The change in scenery didn't stop roleplayers from forming amazing communities. In spite of mechanical issues and linear questlines, the Lord of the Rings Online roleplay community thrives. Rumor has it that WoW's roleplay community actually does something besides dancing on mailboxes in Goldshire. I don't think I have to tell you how difficult it is to roleplay in Star Wars: The Old Republic, but I do it anyway. My friends and I are considering jumping into The Elder Scrolls Online not just to play the game but to attempt to roleplay in it as well. It makes us wonder whether we'll be encouraged by the game to roleplay the way we like to or will have to roleplay in spite of the game.

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Tamriel Infinium: The missing parts of Elder Scrolls Online impressions

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Tamriel Infinium: The missing parts of ESO impressions
Usually Massively doesn't write second impressions, as it were. We sometimes take older games and play them again. Or we might play a game because it's fun to be led by the hand of our audience. However, once the first impressions are done, they're done. Of course, some games, like The Elder Scrolls Online, are fortunate enough to have a weekly column written about them, and ZeniMax gave the press a second weekend to play the game. Of course, we were supposed to look at PvP, which I did, but I also took this opportunity to play more of the main game, up to level 15.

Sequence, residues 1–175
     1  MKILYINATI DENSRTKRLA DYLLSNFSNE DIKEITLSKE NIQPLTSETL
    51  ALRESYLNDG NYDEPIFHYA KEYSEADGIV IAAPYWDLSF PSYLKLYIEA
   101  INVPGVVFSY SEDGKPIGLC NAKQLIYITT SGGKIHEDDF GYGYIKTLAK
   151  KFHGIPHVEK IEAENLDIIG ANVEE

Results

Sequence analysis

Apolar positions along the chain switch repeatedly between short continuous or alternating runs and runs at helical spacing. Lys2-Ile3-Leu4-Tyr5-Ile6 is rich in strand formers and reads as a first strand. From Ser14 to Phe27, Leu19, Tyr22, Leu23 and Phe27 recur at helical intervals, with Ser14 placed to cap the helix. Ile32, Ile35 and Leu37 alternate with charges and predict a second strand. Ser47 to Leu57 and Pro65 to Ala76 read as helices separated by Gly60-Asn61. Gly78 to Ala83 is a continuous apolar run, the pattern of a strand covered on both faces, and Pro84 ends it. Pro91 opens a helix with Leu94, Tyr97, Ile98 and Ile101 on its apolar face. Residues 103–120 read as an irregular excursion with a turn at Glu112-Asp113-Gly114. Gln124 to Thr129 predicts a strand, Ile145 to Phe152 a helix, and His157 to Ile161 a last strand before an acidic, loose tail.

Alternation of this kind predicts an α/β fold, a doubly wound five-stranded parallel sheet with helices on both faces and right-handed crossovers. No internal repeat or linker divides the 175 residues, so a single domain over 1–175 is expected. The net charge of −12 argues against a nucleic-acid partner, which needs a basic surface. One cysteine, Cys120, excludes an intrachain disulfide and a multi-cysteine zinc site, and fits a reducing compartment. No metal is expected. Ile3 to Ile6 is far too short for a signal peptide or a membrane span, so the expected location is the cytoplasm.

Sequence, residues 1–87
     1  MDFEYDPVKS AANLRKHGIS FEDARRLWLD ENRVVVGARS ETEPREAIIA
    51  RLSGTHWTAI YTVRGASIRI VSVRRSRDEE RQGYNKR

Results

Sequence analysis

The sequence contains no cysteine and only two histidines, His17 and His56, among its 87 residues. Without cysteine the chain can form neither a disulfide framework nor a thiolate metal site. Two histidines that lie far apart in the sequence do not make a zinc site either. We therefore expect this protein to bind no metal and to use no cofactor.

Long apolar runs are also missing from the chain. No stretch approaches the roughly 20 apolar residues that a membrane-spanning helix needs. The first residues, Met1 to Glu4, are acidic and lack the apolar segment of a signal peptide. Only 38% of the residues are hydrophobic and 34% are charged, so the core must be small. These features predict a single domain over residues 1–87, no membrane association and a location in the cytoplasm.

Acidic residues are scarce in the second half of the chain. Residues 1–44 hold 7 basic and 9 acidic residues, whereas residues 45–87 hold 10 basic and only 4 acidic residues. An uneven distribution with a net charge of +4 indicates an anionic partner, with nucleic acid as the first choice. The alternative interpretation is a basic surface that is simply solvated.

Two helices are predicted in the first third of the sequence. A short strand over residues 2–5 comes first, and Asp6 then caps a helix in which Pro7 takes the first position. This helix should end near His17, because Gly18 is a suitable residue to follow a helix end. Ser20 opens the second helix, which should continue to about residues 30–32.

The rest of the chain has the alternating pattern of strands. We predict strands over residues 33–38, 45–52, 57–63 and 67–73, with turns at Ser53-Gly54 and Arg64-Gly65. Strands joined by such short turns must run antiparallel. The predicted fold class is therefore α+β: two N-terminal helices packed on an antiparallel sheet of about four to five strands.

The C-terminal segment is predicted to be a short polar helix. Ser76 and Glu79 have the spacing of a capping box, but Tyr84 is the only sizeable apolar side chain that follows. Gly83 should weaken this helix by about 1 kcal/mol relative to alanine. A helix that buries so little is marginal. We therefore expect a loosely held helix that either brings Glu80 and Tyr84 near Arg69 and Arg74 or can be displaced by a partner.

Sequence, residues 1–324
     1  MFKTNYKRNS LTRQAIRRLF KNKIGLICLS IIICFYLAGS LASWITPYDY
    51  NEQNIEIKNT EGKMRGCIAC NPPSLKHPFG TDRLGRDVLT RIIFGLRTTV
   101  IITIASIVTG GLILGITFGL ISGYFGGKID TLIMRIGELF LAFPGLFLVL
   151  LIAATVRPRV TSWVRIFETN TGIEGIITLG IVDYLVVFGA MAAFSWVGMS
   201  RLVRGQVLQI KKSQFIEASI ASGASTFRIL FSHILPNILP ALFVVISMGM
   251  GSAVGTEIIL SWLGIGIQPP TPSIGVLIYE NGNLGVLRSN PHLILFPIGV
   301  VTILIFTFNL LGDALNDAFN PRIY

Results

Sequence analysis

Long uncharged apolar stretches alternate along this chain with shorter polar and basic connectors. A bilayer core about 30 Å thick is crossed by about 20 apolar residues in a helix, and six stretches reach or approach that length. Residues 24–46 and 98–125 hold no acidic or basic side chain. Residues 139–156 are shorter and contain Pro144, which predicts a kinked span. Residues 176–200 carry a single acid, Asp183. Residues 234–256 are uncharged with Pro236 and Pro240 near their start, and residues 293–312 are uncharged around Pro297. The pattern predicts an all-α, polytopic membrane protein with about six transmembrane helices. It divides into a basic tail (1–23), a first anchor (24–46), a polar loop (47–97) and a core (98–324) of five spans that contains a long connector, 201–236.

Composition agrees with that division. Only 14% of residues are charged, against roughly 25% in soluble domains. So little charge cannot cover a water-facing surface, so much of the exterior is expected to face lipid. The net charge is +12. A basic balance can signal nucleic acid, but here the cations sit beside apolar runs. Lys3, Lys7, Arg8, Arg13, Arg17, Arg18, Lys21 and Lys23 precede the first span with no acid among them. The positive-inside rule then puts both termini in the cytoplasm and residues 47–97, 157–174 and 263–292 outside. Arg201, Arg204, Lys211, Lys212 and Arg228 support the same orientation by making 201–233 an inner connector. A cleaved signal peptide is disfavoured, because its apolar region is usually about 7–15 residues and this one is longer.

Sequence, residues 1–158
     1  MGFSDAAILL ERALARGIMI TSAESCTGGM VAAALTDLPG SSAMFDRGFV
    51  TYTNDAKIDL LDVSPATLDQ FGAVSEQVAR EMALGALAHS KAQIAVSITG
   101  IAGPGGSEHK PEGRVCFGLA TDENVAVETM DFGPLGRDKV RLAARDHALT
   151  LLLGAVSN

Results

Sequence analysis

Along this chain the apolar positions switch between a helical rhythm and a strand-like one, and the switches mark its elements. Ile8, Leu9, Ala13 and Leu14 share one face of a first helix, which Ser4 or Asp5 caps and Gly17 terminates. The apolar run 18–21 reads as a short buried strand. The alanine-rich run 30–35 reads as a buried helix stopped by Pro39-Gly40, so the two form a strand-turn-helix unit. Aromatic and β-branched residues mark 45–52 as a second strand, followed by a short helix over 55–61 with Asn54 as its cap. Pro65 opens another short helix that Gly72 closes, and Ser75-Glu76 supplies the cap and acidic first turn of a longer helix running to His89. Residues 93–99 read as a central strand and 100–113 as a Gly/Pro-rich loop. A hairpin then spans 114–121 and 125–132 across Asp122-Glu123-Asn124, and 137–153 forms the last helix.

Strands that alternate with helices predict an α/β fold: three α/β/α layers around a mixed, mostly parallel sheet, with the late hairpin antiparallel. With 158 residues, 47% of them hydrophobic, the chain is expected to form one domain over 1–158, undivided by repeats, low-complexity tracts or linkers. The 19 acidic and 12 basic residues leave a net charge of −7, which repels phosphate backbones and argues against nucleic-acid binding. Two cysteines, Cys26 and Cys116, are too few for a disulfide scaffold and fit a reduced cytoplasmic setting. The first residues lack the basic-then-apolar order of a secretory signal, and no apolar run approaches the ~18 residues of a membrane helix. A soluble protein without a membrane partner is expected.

Although I didn't come away agreeing with my colleague Eliot Lefebvre that the beta is nothing special, I didn't come away with an overwhelmingly positive opinion of the front of the game, either.